Podcast, “Civic Arts Series: Erik Loyer”

Erik Loyer‘s award-winning work explores new blends of game dynamics, poetic expression and interactive visual storytelling. From his best-selling Strange Rain story-playing iPad/iPhone app, to his visually stunning digital fiction The Lair of the Marrow Monkey (powered by Shockwave software animation), and his interactive explorations of post-Katrina racial politics in Blue Velvet, Loyer’s interactive artistic hybridizations of music, new narratives and algorithmic play have won numerous awards, been exhibited widely, and found their way into permanent museum collections.


The Civic Arts Series, which is part of the CMS graduate program Colloquium, features talks by four artists and activists who are making innovative uses of media to reshape the possibilities of art as a source of civic imagination, experience and advocacy. Using a variety of contemporary media technologies–film, web platforms, game engines, drones–the series presenters have opened up new pathways to artistic expression that broaden public awareness around compelling civic issues and aspirations of our time.

Rachel Thompson

About Rachel Thompson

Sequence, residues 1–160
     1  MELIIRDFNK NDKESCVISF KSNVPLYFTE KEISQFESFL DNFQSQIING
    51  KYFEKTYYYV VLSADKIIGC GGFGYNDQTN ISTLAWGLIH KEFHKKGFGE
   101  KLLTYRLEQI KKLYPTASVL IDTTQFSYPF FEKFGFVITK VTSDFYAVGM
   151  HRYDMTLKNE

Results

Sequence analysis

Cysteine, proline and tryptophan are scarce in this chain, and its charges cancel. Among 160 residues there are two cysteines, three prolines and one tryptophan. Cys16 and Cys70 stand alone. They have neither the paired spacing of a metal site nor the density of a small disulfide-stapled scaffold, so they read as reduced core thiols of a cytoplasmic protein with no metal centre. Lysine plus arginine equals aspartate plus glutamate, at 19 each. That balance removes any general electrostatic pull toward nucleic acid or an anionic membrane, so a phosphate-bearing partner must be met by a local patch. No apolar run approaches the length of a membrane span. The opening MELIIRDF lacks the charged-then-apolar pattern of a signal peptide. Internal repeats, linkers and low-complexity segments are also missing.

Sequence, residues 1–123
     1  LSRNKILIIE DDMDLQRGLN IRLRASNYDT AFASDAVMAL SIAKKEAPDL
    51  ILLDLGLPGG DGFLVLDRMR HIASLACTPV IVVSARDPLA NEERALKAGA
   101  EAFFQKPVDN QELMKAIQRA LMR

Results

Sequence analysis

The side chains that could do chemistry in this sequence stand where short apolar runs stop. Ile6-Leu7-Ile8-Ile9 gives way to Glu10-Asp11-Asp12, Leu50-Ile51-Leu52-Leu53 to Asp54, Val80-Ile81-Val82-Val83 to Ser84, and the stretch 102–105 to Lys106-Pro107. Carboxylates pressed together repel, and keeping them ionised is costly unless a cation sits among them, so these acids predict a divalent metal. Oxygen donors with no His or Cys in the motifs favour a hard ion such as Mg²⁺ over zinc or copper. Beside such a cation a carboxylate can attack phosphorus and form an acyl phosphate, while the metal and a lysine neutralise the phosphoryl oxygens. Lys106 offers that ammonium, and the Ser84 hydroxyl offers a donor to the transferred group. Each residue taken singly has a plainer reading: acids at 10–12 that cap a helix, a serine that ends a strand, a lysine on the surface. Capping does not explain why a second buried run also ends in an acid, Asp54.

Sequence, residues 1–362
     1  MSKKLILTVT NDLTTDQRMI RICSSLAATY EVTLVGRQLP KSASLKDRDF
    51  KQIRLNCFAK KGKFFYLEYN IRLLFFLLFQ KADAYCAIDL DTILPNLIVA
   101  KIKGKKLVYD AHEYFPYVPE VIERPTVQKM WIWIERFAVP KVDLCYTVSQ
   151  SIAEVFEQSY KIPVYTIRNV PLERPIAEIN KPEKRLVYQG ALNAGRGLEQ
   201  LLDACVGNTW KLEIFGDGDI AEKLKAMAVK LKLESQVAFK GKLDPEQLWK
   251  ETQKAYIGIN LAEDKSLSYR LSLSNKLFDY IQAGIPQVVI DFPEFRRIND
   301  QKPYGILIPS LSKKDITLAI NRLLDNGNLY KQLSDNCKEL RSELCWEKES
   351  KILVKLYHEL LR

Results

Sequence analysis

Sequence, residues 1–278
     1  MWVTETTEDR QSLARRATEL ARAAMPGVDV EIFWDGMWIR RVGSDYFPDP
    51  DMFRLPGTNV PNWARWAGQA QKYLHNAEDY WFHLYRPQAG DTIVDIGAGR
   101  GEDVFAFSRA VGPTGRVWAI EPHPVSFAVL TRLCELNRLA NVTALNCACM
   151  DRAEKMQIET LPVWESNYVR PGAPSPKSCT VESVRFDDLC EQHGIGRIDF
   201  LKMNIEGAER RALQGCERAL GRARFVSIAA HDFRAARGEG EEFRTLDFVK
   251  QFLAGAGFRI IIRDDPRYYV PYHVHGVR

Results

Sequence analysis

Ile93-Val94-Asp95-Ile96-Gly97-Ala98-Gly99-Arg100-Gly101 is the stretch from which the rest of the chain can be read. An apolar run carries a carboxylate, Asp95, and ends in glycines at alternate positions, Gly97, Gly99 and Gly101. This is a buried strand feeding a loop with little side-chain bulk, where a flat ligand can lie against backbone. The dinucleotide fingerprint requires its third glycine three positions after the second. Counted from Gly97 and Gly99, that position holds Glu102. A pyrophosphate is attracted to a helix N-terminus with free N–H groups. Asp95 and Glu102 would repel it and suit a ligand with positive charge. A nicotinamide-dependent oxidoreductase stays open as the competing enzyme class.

Rachel Thompson earned her bachelor’s degree in Social Anthropology and Comparative Literature from Harvard University. Her honors thesis explored literature’s evolving role in the digital age through an ethnographic study of an online literary magazine. She also co-founded and directed the Harvard Organization for Prison Education and Reform, a network of eight volunteer groups that tutor in prisons across Massachusetts and work on advocacy initiatives relating to mass incarceration and education. Before joining CMS, Rachel worked in Boston-area art museums — the Harvard Art Museums and the Peabody Essex Museum — with a focus on developing teaching curriculum for makerspaces as well as integrated digital media experiences for visitors. At MIT Rachel is interested in interrogating the ethics of American incarceration media, from made-in-prison podcasts to exploitative reality television. She works as a Research Assistant in the Global Media Technologies and Cultures Lab under the direction of Lisa Parks. Extracurricularly, Rachel has a passion for retrieving the past; in her spare time, she works on restoring film cameras and mid-century modern furniture and really just wants to talk to someone about The Twilight Zone.

 
 

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